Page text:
There are few professional fields I’ve come across as diverse as the product management field. In all my conversations with other PMs, I haven’t experienced one instance where the roles discussed were exactly the same. While this is great news for aspiring PMs because there’s something for everyone, it can also become a major source of headaches when deciding where to work.
In this post, I want to highlight some key ways the PM role varies across companies by summarizing and commenting on several great points found in the Cracking the PM Interview. It’s my hope that this post will at least help people to start thinking about the sort of companies they’d want to work at based on their skills and personal preferences.
Companies are transparent when their teams can see what every other team is working on. There’s a culture of openness – PMs may work on projects in different teams and there is more frequent cross-team collaboration. In these companies, PMs have the benefit of understanding the bigger picture and making good use of other PMs’ subject matter expertise, at the expense of spreading themselves more thinly because of these additional interactions.
Companies that are more siloed have teams that focus on their own projects and try to minimize interaction with other teams. The culture at these companies is more closed, and teams are more heads down and less in the know of the big picture. Frequently these companies work with confidential projects where a leak could end up costing a huge amount of money.
Companies such as Google, Facebook, and LinkedIn are more transparent, while companies such as Apple and Amazon are more siloed.
2. Ratio of PMs to Engineers
PMs work closely with engineers, and the number of engineers they work with also varies widely among companies. The ratio could be 1:10 at a smaller startup or 1:3 at a larger company. A key thing to consider about the ratio as an aspiring PM is overall responsibility. In companies with more PMs, the PMs have less ownership of the product as a whole but more opportunities to learn from and work with other PMs. In companies with fewer PMs, the PMs tend to own a larger piece of the scope and more opportunities to do work.
Microsoft has a lot of PMs and Google and has very few PMs per engineer.
3. Product Strategy
There are two main methods that companies use regarding product strategy. One method is a “bottom-up” approach, and the other is a “top-down” approach.
In the bottom-up approach, PMs and engineers make the key decisions on where the product should head in terms of technical writing and user experience design. In the top-down approach, executives and PMs make the big decisions and developers implement these decisions. PMs are more involved in product strategy with the bottom-up approach and must work with many people to present a comprehensive plan. With the top-down approach, PMs don’t have as much of an influence on product strategy until they are more senior.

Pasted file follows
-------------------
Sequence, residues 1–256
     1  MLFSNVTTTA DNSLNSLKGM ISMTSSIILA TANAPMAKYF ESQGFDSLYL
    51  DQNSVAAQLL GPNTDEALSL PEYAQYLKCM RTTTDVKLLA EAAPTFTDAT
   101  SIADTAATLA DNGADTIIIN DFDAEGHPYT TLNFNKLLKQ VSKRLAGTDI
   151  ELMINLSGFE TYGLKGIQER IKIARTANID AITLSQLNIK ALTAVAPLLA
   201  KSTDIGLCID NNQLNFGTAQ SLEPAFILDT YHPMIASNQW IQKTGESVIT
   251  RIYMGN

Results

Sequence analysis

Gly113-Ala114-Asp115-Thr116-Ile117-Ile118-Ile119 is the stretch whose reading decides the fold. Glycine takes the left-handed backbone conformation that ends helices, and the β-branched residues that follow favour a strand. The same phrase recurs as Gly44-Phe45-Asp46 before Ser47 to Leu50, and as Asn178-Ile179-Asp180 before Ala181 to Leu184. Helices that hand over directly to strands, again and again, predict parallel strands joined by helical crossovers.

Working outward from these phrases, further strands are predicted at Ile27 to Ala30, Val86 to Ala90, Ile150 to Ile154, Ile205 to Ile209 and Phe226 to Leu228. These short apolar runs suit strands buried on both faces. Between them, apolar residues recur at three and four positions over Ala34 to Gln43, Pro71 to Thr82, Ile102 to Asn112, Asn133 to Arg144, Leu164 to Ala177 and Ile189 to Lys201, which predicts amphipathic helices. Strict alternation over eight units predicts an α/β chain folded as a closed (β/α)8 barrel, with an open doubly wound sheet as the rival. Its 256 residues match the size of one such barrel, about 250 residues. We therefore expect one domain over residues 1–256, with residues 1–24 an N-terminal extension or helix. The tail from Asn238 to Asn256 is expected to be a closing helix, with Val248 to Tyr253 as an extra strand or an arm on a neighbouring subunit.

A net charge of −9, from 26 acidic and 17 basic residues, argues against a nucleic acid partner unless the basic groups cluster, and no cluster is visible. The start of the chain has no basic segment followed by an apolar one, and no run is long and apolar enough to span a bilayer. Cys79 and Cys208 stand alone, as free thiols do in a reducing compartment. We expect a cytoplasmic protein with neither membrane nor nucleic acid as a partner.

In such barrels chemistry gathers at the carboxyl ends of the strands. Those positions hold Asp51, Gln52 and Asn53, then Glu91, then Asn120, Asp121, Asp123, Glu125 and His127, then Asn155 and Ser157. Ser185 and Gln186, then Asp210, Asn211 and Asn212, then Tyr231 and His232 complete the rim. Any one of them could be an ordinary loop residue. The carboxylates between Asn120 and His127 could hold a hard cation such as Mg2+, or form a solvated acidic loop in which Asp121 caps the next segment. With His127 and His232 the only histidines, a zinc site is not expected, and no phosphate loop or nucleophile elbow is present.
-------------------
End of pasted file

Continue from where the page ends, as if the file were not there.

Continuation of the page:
Google, Facebook, LinkedIn, and Amazon use the bottom-up approach, and Microsoft and Apple use the top-down approach.
It’s difficult to characterize culture as a dichotomy since there are just too many pieces to any company’s culture. But for the purposes of this post, we’ll focus on the tendencies to have a more lighthearted culture or a more intense culture.
Companies such as Google, Microsoft, Facebook, and LinkedIn have a laid-back culture with plenty of great perks (free food, snacks, massages, laundry services, etc.). This isn’t to say the employees don’t work hard – there’s just more of an emphasis on the quality of their work as opposed to the number of hours worked.
Companies such as Apple and Amazon have a culture where hard work is prized. It’s common for employees to work long hours and take calls because they are inspired by the ‘s mission and don’t mind the work when there’s an amazing product at stake.
5. Prior Experience
Apart from technical or non-technical PMs, companies also look for PMs with backgrounds as diverse as MBAs, engineers, and new graduates during their hiring process. The examples below should give you some ideas of the huge variance among different companies.
Amazon – prefers MBAs, technical background not critical, doesn’t hire new graduates
Apple – hires college graduates, prefers technical background, doesn’t prefer MBAs
Facebook – hires college graduates, prefers highly technical background
Google – hires college graduates, prefers technical background, hires some MBAs, with more emphasis on master’s degrees or PhDs
LinkedIn – hires college graduates, prefers experienced PMs, prefers technical background, hires some MBAs
Microsoft – hires college graduates, prefers technical background, hires some MBAs
Again, product management is a huge field with companies that emphasize many different skillsets for PMs. It’s absolutely vital to take a good hard look at the companies you want to work at and make sure that the PM role there works for you.
Interested in learning more about product management and discovering whether it’s the right career for you? You might want to check out our popular Product Manager Certification Course.